The patch clamp technique is a laboratory technique in electrophysiology used to study ionic currents in individual isolated living cells, tissue sections, or patches of cell membrane.
A peroxisome is a type of organelle known as a microbody, found in virtually all eukaryotic cells.
In cell biology, phagocytosis is the process by which a cell—often a phagocyte or a protist—engulfs a solid particle to form an internal compartment known as a phagosome.
Phosphatidylserine (abbreviated Ptd-L-Ser or PS) is a phospholipid and is a component of the cell membrane.
Plankton (singular plankter) are the diverse collection of organisms that live in large bodies of water and are unable to swim against a current.
Plant cells are eukaryotic cells that differ in several key aspects from the cells of other eukaryotic organisms.
Plant nutrition is the study of the chemical elements and compounds necessary for plant growth, plant metabolism and their external supply.
A protist is any eukaryotic organism that has cells with nuclei and is not an animal, plant or fungus.
A protocell (or protobiont) is a self-organized, endogenously ordered, spherical collection of lipids proposed as a stepping-stone to the origin of life.
Pure and Applied Chemistry (abbreviated Pure Appl. Chem.) is the official journal for the International Union of Pure and Applied Chemistry (IUPAC).
The Rab family of proteins is a member of the Ras superfamily of monomeric G proteins.
Randy Wayne Schekman (born December 30, 1948) is an American cell biologist at the University of California, Berkeley and former editor-in-chief of Proceedings of the National Academy of Sciences.
In biochemistry and pharmacology, a receptor is a protein molecule that receives chemical signals from outside a cell.
Receptor-mediated endocytosis (RME), also called clathrin-mediated endocytosis, is a process by which cells absorb metabolites, hormones, other proteins – and in some cases viruses – by the inward budding of plasma membrane vesicles containing proteins with receptor sites specific to the molecules being absorbed (endocytosis).
The ribosome is a complex molecular machine, found within all living cells, that serves as the site of biological protein synthesis (translation).
Secretion is the movement of material from one point to another, e.g. secreted chemical substance from a cell or gland.
SNARE proteins (an acronym derived from "SNAP (Soluble NSF(N-ethylmaleimide-sensitive factor) Attachment Protein) REceptor)" are a large protein complex consisting of at least 24 members in yeasts and more than 60 members in mammalian cells.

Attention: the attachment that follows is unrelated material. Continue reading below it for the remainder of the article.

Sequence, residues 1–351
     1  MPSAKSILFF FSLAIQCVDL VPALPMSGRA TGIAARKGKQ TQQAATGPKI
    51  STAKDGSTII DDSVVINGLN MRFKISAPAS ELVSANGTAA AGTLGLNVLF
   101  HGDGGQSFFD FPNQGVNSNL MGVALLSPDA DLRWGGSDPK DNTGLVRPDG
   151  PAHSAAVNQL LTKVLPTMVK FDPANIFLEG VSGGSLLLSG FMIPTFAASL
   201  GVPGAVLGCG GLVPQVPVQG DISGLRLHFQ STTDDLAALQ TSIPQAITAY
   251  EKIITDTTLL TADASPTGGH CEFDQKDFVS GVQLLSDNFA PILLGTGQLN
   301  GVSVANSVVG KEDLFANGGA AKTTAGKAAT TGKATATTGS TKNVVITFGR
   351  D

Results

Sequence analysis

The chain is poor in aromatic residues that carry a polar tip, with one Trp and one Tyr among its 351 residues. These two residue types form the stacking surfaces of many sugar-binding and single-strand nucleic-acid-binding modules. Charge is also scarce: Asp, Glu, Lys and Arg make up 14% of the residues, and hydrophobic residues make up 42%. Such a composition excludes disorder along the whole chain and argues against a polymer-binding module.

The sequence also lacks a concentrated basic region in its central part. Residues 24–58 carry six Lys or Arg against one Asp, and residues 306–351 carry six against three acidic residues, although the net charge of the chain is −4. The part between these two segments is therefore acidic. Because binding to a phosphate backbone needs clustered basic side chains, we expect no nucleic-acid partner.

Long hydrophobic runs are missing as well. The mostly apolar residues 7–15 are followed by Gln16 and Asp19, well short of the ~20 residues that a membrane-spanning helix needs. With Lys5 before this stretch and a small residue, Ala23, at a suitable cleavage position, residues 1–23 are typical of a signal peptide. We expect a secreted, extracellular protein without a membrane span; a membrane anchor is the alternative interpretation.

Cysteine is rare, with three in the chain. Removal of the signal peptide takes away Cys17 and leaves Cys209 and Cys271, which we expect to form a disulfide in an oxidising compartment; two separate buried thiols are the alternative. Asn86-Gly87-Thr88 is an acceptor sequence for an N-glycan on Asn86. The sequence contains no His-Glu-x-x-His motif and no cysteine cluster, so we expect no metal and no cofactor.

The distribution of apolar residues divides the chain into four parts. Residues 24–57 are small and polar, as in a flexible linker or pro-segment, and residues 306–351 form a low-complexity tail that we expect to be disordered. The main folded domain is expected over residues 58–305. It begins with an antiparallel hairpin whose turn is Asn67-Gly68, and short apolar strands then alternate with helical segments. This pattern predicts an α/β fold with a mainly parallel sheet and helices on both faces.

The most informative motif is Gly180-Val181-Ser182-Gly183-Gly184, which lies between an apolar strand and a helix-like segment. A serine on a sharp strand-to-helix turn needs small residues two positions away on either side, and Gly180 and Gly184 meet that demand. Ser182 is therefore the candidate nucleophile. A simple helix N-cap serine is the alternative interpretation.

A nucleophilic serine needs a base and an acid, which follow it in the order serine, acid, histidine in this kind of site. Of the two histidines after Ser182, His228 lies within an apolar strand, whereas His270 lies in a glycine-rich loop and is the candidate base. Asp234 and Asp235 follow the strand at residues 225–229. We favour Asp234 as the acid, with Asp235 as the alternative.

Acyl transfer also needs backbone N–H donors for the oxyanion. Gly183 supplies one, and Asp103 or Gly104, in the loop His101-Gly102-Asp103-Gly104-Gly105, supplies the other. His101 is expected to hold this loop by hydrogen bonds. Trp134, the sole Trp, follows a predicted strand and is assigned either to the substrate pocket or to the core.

A sonicator at the Weizmann Institute of Science during sonicationSonication is the act of applying sound energy to agitate particles in a sample, for various purposes such as the extraction of multiple compounds from plants, microalgae and seaweeds.
The Spitzenkörper (German for pointed body) is a structure found in fungal hyphae that is the organizing center for hyphal growth and morphogenesis.
The stem cell secretome (also referred to as the stromal cell secretome) is a collective term for the paracrine soluble factors produced by stem cells and utilized for their inter-cell communication.
In chemistry, a suspension is a heterogeneous mixture that contains solid particles sufficiently large for sedimentation.
In a neuron, synaptic vesicles (or neurotransmitter vesicles) store various neurotransmitters that are released at the synapse.
Thomas Christian Südhof (born December 22, 1955) is a German-American biochemist known for his study of synaptic transmission.
In biology, tissue is a cellular organizational level between cells and a complete organ.
A tunnelling nanotube or membrane nanotube is a term that has been applied to protrusions that extend from the plasma membrane that enable different animal cells to touch over long distances, sometimes over 100 μm between T cells.
Ubiquitin is a small (8.5 kDa) regulatory protein found in most tissues of eukaryotic organisms, i.e. it occurs ''ubiquitously''.
An unilamellar liposome is a spherical chamber/vesicle, bounded by a single bilayer of an amphiphilic lipid or a mixture of such lipids, containing aqueous solution inside the chamber.
A vacuole is a membrane-bound organelle which is present in all plant and fungal cells and some protist, animal and bacterial cells.
Valinomycin is a naturally occurring dodecadepsipeptide used in the transport of potassium and as an antibiotic.
Extracellular vesicles, Lipid vesicle, Membrane trafficking, Transport vesicle, Transport vesicles, Vesicle (Biology and Chemistry), Vesicle (Biology), Vesicle (biology & chemistry), Vesicle (biology), Vesicle (chemistry), Vesicle mediated transport, Vesicle trafficking, Vesicle transport, Vesicula.